The Audacity of Peacemaking: Statement from the Seventh-day Adventist Church in Germany

In commemoration of the 100th anniversary of the end of the First World War, the Seventh-day Adventist Church in Germany has adopted a declaration titled "The Audacity of Peacemaking" (“Mut zum Frieden”). It was first published in the February 2018 issue of the church magazine "Adventisten heute." In the statement, the leadership of the Adventist Church recommends its members not participate directly or indirectly in war.

According to APD, the Adventist Press Service in Switzerland, this declaration was approved during the annual meeting of the German Church on December 4, 2017. The 51-person committee voted 50 to 1 in favor of the statement.

The statement follows in full below:

The Audacity of Peacemaking


The end of a war does not mean that peace has begun. This is a lesson of the First World War. While it is true that this war demonstrated a degree of cruelty and dehumanization that horrifies to this day, it was nevertheless merely the beginning of a kind of modern warfare that would mark a path of uninhibited violence right through the entire 20th century.

In our day, the manner in which war is conducted has once again drastically changed. We now speak of cyberwar, drone strikes, lethal autonomous weapon systems (LAWS), threats of atomic/biological/chemical weapons, and worldwide terrorism. The lines of conflict and parties involved are often no longer clearly identifiable.

In commemoration of the conclusion of the First World War on November 11, 1918, and in recognition of the new threats of danger, we feel obligated to call to remembrance our Christian-Adventist position, just as in our statement “Schuld und Versagen” (“Guilt and Failure”) in 2014. The following is of particular consideration:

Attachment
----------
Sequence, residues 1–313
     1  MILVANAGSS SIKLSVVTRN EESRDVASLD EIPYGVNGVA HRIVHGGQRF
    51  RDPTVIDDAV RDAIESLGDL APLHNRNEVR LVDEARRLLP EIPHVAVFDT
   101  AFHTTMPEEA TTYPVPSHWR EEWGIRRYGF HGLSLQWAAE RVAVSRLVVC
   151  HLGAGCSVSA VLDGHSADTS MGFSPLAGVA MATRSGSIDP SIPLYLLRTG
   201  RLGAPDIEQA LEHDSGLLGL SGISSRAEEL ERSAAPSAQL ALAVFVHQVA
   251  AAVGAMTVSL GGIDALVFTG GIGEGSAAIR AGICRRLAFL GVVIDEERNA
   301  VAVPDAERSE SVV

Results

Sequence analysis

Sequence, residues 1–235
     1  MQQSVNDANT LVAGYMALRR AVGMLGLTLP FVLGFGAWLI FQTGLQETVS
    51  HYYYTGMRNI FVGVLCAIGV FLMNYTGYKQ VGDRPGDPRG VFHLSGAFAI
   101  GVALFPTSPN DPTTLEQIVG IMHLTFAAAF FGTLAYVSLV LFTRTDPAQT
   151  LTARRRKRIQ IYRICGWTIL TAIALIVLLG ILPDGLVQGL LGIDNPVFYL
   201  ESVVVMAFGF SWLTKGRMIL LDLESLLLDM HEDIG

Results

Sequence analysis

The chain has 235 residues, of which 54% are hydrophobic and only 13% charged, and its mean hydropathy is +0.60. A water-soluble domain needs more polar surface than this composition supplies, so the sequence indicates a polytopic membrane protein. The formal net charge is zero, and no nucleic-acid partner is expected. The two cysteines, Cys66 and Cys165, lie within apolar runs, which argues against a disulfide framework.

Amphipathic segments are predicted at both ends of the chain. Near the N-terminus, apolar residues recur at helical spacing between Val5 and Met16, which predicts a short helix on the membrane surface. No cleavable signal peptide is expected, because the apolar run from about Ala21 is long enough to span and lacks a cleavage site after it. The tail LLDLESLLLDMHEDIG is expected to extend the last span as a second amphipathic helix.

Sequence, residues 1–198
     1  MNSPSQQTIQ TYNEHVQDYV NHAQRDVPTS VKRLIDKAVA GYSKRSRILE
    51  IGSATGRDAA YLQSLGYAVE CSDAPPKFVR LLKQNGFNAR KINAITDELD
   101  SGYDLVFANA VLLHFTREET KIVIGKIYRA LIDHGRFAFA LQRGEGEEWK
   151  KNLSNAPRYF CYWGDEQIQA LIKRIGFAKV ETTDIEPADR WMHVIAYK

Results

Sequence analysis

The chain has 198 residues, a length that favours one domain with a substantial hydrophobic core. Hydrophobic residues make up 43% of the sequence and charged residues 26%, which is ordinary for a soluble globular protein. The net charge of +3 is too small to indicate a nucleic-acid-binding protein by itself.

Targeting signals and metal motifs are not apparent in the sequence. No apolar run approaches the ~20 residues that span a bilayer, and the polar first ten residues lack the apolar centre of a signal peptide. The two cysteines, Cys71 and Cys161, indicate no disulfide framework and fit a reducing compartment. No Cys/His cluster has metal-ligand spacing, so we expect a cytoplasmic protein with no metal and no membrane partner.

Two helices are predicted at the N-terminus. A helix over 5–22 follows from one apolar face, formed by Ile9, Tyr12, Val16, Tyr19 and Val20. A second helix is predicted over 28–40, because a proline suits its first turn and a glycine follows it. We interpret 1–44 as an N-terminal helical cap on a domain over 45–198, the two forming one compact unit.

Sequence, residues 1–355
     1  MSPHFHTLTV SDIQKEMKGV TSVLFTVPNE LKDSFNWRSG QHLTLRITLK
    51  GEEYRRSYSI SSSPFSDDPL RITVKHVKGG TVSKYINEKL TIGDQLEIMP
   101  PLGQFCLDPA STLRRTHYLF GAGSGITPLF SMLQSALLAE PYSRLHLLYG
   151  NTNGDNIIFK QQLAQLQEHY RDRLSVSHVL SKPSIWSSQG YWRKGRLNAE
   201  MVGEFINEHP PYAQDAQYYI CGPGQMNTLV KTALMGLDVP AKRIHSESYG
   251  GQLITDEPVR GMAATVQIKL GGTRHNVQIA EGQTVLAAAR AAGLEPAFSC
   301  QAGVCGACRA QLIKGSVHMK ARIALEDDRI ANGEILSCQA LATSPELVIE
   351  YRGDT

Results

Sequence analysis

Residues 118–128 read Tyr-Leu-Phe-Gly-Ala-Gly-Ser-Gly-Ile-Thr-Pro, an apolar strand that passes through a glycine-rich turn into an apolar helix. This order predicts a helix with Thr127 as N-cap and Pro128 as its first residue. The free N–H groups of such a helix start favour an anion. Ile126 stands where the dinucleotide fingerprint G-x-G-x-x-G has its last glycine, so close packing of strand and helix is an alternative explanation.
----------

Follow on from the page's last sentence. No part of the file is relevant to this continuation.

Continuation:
1. War Is Not Just.

Behind every military conflict lie open and hidden interests that are not purely driven by the pursuit of justice. It is also about resources, business, influence, dependence, and power. The fate of people in conflict zones is often a secondary consideration. Collateral damage through misguided attacks against one’s own soldiers or the civilian population are considered as to be expected. Therefore, as early as December 1983, in view of the existence of weapons of mass destruction, the executive committee of the West German and South German Union Conferences of our church declared, “Today, we reject war in every form.”

2. War and Threats Foster Fear

The current threat scenarios and modern warfare, accompanied by a new spiral of armament, the ostentatious parading of military might, and limited destructive attacks via bombs and missiles, foster fear. Fear is the most effective instrument of war, and a constant threat to freedom. Furthermore, an exaggerated nationalism with aggressive isolating from other nations also fosters fear and threatens peace.

3. War as Economic Factor

The industrial production of weapons of war is a formidable economic factor worldwide and among nations. Production and distribution usually takes place under the label of security or defense. This, however, in no way changes the fact that the goal is to endanger or to end human lives.

Jesus Christ has called his followers to be peacemakers. Wherever people are living in peace with God, they are also seeking peace with other people; for peace is indivisible and pervades all areas of life. Therefore, in our 2014 statement on the commencement of the First World War 100 years ago, we declared: “We believe that disciples of Jesus are truest to the statements of the Holy Scriptures when they act as ambassadors for peace and reconciliation.”